The University of Cambridge has said it will scrap all face-to-face lectures until mid-2021 due to the coronavirus pandemic, becoming the first major education institution to officially scale back its operations for the whole of the next academic year.
A spokesperson for the prestigious British university said it expects social distancing measures to be in place throughout the upcoming year.It will continue to make lectures available online, and some small-group teaching may take place if participants can maintain a safe distance, but students will not be able to attend lectures in person.
"The University is constantly adapting to changing advice as it emerges during this pandemic. Given that it is likely that social distancing will continue to be required, the University has decided there will be no face-to-face lectures during the next academic year," a University of Cambridge spokesperson said in a statement.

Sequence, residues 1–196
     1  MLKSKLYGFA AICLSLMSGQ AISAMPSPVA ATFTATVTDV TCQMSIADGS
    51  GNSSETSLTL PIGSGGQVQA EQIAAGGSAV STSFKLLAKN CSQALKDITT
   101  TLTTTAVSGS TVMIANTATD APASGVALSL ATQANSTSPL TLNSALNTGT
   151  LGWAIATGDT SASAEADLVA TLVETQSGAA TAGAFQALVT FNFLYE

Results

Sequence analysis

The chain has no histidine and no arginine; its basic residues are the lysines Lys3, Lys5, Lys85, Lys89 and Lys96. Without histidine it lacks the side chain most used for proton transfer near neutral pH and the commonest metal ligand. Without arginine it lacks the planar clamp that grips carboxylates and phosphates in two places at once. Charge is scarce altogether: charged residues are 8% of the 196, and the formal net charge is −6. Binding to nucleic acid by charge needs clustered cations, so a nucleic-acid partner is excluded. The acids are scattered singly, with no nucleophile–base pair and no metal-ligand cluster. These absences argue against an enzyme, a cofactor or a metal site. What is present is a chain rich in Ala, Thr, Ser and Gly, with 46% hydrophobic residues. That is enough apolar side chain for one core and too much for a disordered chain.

"Lectures will continue to be made available online and it may be possible to host smaller teaching groups in person, as long as this conforms to social distancing requirements," the university's statement added. The decision will be reviewed if guidelines around social distancing change.
Cambridge and Oxford, the UK's two leading universities, rely far more on smaller group teaching than large lectures -- so the move will probably not be as disruptive as it would be at most institutions.
But it demonstrates the dilemma facing universities around the world, many of which have been forced to shut their campuses and move classes online in recent months.
That situation has created uncertainty for people preparing to start their studies.
In the UK, university semesters begin in September. The traditional "freshers' week" period at the start of the year sees students mixing in accommodation halls, bars and clubs, but it is seems likely that such activities will be discouraged this year.On Monday, the University of South Carolina in the United States made changes to its fall semester in preparation for the likelihood that Covid-19 cases surge during cold and flu season this fall and winter.